Services to Landlords & Tenants
Under the Immigration Act 2014, those who require permission to remain in the United Kingdom, lose the right to rent a property, where they lose the right to stay. Permission to remain is either given by the Secretary of State in accordance with the Rules or at discretion, and it can be automatically extended by statute. Permission to remain is automatically extended by statute where there has been a valid within time application for further permission to remain , or pending an appeal.
Where the 2014 Immigration Act disqualifies a person from renting the Landlord or acting Estate Agent may incur penalties of between £80 to £3000 per illegal occupier, and will be liable to prosecution for an offence with carries a maximum term of five years imprisonment.
Guidance produced by the UKVI sets out the document checks required to verify an occupier’s right to remain and to establish a defence against a fine or prosecution.
In essence the Landlord or Estate Agent must identify a person’s Immigration Status according to an approved check list of documents and maintain regular reviews of the same.
Where it is not possible to ascertain a person’s Immigration Status, ( because , for example an appeal is pending ), The Landlord or Estate Agent is required to contact the Home Office to ask for verification through the Landlords Checking Service.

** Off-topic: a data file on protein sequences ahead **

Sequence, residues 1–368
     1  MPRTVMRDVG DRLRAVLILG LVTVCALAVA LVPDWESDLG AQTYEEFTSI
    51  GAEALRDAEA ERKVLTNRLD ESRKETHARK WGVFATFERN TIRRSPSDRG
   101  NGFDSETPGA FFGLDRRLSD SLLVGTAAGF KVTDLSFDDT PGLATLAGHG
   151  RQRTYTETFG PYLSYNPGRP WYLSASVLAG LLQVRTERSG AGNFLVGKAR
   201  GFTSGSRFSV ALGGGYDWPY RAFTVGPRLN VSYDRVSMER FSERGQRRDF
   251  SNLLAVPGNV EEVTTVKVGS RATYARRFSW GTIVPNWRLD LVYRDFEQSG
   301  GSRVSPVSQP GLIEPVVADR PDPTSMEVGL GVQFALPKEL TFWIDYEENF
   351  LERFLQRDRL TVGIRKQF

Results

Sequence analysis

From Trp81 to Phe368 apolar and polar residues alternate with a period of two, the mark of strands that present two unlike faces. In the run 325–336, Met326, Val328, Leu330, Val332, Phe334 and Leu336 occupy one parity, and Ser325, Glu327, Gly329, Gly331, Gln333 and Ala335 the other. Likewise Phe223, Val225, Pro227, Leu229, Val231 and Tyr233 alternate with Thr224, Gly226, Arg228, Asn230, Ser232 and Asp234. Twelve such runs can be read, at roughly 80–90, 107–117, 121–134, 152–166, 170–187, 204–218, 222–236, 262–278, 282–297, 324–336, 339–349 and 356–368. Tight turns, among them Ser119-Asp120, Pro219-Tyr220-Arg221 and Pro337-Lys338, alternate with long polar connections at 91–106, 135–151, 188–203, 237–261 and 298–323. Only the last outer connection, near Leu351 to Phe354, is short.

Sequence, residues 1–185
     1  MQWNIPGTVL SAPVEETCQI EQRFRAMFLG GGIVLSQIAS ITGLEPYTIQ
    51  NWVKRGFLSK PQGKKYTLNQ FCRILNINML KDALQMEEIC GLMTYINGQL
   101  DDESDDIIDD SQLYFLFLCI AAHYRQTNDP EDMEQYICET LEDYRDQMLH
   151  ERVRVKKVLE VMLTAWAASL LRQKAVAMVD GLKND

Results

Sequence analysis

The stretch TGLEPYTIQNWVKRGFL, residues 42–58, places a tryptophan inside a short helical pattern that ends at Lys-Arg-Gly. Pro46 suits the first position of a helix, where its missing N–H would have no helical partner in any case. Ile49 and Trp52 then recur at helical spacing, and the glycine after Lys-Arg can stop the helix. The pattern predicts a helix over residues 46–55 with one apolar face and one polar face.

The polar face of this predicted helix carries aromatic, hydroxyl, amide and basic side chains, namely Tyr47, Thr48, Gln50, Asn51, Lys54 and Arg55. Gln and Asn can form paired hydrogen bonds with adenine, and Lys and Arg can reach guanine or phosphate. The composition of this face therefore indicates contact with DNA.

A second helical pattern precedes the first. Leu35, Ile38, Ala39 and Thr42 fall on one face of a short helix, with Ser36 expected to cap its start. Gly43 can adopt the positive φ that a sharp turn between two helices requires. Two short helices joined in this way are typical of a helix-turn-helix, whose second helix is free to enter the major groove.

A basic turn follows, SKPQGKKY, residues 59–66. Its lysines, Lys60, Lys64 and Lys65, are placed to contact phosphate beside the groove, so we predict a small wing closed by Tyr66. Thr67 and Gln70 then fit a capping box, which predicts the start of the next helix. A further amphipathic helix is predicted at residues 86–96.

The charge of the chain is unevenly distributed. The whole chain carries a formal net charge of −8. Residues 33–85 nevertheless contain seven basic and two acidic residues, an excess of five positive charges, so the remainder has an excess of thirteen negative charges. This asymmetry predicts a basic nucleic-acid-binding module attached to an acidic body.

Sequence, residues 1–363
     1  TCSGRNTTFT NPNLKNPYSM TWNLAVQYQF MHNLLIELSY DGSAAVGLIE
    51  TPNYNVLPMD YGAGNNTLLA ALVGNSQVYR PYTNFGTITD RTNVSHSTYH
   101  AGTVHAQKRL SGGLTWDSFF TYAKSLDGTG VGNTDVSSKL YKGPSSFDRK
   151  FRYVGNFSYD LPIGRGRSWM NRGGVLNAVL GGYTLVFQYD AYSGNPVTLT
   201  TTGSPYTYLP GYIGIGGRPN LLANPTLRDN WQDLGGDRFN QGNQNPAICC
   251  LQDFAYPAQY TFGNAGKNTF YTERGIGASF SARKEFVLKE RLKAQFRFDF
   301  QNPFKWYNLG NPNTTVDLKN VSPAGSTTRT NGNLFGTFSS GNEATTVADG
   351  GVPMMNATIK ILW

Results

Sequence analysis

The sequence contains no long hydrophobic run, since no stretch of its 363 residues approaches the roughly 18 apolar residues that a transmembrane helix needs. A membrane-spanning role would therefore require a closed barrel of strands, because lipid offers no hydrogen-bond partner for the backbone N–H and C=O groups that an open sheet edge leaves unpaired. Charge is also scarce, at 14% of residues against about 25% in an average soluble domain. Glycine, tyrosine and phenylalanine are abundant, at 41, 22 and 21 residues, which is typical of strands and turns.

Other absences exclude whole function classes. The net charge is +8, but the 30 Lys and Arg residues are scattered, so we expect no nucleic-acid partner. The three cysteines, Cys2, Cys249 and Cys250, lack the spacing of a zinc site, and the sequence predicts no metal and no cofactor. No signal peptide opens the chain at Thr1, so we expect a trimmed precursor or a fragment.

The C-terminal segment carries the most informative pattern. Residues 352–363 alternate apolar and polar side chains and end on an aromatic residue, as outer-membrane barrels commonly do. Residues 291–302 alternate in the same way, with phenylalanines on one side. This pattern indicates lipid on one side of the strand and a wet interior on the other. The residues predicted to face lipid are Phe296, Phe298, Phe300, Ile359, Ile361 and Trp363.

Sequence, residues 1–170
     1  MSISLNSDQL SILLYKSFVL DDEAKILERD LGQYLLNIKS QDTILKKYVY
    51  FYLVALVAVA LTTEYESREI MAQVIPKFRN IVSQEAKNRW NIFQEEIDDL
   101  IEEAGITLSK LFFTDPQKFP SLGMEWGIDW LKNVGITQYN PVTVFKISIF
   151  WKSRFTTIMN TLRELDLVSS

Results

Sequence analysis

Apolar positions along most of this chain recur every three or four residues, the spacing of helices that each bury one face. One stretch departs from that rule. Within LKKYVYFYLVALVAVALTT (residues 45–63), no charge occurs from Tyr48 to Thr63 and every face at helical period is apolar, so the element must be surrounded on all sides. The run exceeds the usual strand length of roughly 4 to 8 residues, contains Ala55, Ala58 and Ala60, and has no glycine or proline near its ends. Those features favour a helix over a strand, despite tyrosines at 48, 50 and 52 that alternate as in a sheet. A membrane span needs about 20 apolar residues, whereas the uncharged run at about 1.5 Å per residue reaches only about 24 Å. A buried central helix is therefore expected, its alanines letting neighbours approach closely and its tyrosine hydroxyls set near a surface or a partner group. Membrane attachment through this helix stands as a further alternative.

A person is not disqualified simply because the Landlords Checking Service does not confirm their status. ( Any delay in responding to the enquiry is covered by an automatic acknowledgement.)
Employers with experience of the Employers Checking Service know that information given can be wrong. For example it can take more than eight weeks for an appeal to be recorded as lodged before the Immigration Tribunal leading to a likely delay in the updating of the Landlord’s Checking Service records.
So the mechanism whereby a Landlord , or Letting agent identifies that a person still has permission to remain as extended by Statute is the Landlords Checking Service. But that is all it is , it is a mechanism. It does not define whether a person has leave to enter or remain.
If the person has permission to remain , then any attempt to deny them a Tenancy is unlawful, irrespective of whether the Landlord or Estate Agent has complied with the terms of the UKVI’s guidance.
We can offer advice and representation to both Landlords and Tenants on:
- Establishing a person’s Immigration Status
- Undertaking the proscribed right to rent checks
- Contesting Civil Penalty Notices.